|Rail / roadsides||Secondary/tolerated habitat||Natural|
|Terrestrial ‑ Natural / Semi-natural||Natural forests||Secondary/tolerated habitat||Natural|
|Natural grasslands||Secondary/tolerated habitat||Natural|
Hosts/Species AffectedTop of page
In California, P. aquatica outcompetes and displaces native plant species (Harrington and Lanini, 2000). Where it occurs in Australia it presumably also replaces native grasses and other plants in the areas it invades.
Biology and EcologyTop of page
P. aquatica has a chromosome number of 2n = 28 (Flora of China Editorial Committee, 2015).
Although plants of P. aquatica can spread outwards by means of their short rhizomes, the main way in which plants spread is by production of copious seeds. In California flowering occurs between May and June, with viable seed formed between May and September. Seed production varies with plant density, soil type and weather conditions, and can be as much as 40,000 seeds m-2 (Harrington and Lanini, 2000).
Physiology and Phenology
According to Peterson (2001) a summer dormancy period is needed before P. aquatica seeds can germinate, the length of the dormancy period varying widely depending on the genotype of the seed source. Seeds will germinate whenever moisture is available, but germination rates fall if temperatures are below 10oC or above 30oC.
Plants are very deep-rooted, which helps them survive through droughts.
Presumably, once well-established, individual plants of P. aquatica can survive for some years and dense stands of the species presumably sustain themselves through a combination of long-lived plants and reseeding (Peterson, 2001). In Australia the species has a reputation for its excellent persistence and drought tolerance – far better than that of other temperate pasture species like cocksfoot, fescue or perennial ryegrass (Watson et al., 2000).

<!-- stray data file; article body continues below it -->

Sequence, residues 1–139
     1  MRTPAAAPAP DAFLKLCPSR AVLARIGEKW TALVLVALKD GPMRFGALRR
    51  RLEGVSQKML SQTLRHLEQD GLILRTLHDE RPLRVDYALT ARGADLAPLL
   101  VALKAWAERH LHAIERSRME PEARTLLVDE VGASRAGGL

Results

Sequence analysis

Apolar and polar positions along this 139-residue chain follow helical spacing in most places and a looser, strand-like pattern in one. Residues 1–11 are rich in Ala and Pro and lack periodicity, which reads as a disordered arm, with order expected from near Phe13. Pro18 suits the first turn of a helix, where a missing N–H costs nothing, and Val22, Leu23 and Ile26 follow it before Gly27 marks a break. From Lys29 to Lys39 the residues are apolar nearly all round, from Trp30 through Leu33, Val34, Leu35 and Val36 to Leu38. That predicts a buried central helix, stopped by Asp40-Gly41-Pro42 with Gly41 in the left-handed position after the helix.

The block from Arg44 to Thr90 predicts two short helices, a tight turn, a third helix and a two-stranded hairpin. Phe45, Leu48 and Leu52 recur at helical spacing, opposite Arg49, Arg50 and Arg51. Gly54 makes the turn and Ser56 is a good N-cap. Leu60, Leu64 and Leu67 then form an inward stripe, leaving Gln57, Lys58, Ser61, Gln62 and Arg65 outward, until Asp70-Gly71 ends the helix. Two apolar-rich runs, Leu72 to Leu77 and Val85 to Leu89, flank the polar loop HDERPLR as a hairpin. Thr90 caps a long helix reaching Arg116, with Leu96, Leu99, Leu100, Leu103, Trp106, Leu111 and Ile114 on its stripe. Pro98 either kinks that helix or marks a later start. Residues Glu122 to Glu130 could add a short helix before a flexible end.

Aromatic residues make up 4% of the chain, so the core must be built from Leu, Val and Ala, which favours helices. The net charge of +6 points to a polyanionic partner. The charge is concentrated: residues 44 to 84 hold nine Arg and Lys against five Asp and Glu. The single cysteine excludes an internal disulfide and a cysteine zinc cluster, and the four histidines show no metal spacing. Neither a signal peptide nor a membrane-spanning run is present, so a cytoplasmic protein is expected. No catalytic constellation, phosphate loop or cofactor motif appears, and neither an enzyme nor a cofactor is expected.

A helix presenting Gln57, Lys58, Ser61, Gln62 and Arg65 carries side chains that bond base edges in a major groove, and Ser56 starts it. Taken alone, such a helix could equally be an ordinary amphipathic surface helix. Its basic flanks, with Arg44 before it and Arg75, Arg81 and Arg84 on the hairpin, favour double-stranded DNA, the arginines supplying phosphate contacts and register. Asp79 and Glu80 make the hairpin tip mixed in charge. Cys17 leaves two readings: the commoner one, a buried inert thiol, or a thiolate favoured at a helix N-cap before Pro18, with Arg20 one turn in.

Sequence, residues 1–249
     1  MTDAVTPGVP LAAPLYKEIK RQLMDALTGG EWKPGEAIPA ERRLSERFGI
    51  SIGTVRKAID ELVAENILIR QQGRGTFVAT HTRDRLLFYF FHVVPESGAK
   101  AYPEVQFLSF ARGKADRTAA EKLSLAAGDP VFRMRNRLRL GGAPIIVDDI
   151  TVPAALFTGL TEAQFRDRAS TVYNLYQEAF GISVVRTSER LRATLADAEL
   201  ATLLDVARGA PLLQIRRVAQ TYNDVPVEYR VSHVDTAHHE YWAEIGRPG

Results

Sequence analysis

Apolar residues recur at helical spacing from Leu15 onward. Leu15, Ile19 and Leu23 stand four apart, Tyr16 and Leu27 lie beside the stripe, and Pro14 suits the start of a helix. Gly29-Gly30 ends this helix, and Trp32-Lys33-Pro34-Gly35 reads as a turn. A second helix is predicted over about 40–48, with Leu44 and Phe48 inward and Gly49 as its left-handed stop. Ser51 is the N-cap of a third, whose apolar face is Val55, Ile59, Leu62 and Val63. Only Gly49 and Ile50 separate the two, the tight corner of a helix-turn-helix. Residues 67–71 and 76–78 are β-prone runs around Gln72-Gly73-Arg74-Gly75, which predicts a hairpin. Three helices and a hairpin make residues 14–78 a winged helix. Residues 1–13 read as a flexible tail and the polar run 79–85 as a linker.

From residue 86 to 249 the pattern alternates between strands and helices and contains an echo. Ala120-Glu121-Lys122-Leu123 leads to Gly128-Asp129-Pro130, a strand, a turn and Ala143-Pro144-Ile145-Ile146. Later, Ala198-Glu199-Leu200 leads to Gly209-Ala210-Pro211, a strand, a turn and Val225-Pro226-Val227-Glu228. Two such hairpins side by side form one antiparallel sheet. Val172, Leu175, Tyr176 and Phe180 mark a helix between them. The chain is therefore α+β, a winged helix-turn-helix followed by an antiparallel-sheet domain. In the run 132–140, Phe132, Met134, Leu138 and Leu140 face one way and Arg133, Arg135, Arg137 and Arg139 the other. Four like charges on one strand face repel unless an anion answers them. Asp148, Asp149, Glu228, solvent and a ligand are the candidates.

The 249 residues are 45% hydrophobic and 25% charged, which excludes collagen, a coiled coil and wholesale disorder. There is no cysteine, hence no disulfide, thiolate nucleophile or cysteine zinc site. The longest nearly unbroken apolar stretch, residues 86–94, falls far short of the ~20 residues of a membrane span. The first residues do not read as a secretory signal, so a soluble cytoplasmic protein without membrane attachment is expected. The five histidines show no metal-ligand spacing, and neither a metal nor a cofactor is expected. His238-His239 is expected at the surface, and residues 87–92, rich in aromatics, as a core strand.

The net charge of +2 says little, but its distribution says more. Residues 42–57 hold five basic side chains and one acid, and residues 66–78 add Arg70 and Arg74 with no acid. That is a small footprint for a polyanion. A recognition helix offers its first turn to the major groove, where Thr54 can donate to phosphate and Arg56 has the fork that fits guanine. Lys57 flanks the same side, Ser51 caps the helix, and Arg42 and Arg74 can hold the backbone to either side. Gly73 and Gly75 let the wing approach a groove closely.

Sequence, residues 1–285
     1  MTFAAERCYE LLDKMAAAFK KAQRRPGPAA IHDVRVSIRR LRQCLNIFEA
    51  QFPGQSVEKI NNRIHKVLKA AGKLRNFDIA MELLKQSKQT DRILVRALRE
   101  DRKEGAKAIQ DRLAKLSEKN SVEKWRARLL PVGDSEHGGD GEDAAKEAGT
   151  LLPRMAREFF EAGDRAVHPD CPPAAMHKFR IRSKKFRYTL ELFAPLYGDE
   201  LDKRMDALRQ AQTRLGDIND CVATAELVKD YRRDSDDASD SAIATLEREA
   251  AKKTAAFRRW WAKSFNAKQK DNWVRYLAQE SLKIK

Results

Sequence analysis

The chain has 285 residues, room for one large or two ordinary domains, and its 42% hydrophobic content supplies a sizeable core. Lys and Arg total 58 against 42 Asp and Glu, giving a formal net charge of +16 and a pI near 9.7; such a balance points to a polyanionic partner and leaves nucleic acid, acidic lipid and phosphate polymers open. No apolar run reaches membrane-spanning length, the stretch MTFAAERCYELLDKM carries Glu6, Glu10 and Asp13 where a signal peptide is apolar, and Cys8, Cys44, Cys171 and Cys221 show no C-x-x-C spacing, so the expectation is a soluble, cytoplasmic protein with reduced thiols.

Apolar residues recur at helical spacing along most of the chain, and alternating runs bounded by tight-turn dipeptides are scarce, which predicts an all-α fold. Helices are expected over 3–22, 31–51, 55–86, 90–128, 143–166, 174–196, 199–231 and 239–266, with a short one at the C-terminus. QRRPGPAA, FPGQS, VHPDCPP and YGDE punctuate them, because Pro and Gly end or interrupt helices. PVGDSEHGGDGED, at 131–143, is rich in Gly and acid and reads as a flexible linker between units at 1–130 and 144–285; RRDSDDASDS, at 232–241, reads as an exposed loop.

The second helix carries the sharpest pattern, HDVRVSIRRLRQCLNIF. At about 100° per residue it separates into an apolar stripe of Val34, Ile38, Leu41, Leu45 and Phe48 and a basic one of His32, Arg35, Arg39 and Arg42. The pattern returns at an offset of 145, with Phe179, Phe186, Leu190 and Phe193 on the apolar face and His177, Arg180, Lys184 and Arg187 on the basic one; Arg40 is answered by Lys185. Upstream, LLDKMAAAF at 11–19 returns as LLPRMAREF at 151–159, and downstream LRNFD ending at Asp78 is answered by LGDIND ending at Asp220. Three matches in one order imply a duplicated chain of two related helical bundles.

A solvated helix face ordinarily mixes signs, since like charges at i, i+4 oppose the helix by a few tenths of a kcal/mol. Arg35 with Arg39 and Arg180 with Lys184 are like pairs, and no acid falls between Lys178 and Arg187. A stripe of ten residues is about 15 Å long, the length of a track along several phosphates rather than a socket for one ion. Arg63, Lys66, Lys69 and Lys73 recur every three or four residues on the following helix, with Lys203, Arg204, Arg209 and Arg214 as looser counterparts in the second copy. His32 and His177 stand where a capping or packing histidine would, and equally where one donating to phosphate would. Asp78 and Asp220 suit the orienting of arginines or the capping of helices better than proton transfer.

P. aquatica grows weakly as a seedling but is an aggressive competitor once it is established (Peterson, 2001). Its most vigorous growth is in spring and autumn and it is quick to respond to early autumn rainfall. In summer it can enter a period of dormancy which can be broken if summer storms are followed by periods of cool or mild weather. This summer dormancy can be influenced by cultivar, management and climate (Watson et al., 2000).
Population Size and Structure
P. aquatica can form dense stands that outcompete and displace native vegetation (Harrington and Lanini, 2000).
P. aquatica grows best in high fertility conditions, but can tolerate low fertility soils (Lambrechtsen, 1975). Watson et al. (2000) report that, in Australia, “a productive phalaris pasture has very high requirements for nitrogen (N), phosphorus (P), potassium (K) and sulphur (S).” Nitrogen can be provided by either a strong legume component or regular dressings of nitrogenous fertilizer (Watson et al., 2000).
In Australia, where P. aquatica is commonly grown as a pasture species, it grows better if associated with a leguminous plant such as Trifolium subterraneum, Trifolium repens or Medicago sativa (Watson et al., 2000).